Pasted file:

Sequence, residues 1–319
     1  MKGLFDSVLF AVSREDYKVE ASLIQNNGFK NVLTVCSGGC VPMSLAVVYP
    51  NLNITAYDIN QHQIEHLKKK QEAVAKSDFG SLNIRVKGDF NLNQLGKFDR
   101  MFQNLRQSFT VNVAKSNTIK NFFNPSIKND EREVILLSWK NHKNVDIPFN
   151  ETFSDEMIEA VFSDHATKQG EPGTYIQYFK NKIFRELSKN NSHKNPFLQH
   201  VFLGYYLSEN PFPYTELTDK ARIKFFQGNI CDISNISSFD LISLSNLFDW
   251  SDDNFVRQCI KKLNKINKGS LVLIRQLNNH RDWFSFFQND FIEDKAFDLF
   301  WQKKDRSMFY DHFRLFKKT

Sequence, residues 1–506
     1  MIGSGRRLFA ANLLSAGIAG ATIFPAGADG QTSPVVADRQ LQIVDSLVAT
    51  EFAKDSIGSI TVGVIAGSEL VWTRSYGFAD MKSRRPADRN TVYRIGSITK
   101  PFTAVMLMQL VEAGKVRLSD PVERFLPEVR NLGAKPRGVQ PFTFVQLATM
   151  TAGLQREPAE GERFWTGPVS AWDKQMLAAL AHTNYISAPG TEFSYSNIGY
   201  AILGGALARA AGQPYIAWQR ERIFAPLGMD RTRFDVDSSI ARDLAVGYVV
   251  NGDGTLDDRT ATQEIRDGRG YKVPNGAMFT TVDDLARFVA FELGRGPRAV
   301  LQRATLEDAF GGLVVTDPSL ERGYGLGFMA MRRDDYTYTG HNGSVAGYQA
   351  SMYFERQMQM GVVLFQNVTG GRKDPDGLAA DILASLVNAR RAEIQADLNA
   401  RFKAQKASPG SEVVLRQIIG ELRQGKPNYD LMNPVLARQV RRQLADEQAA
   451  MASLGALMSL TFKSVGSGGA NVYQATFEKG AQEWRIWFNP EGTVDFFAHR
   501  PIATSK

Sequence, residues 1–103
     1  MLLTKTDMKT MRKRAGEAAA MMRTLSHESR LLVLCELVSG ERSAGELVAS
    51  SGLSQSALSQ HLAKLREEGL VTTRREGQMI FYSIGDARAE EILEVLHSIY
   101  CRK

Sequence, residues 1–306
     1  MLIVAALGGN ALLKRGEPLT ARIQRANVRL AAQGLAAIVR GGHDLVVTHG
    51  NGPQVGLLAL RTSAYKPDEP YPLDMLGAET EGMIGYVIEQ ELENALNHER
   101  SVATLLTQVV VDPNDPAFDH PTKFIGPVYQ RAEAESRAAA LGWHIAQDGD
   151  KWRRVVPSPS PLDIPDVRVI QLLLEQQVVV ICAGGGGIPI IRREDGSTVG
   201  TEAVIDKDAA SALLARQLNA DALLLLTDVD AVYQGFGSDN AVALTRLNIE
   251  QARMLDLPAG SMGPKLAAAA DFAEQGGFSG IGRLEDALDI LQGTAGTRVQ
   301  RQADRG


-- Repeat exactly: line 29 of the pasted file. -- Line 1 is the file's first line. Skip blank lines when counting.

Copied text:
   151  KWRRVVPSPS PLDIPDVRVI QLLLEQQVVV ICAGGGGIPI IRREDGSTVG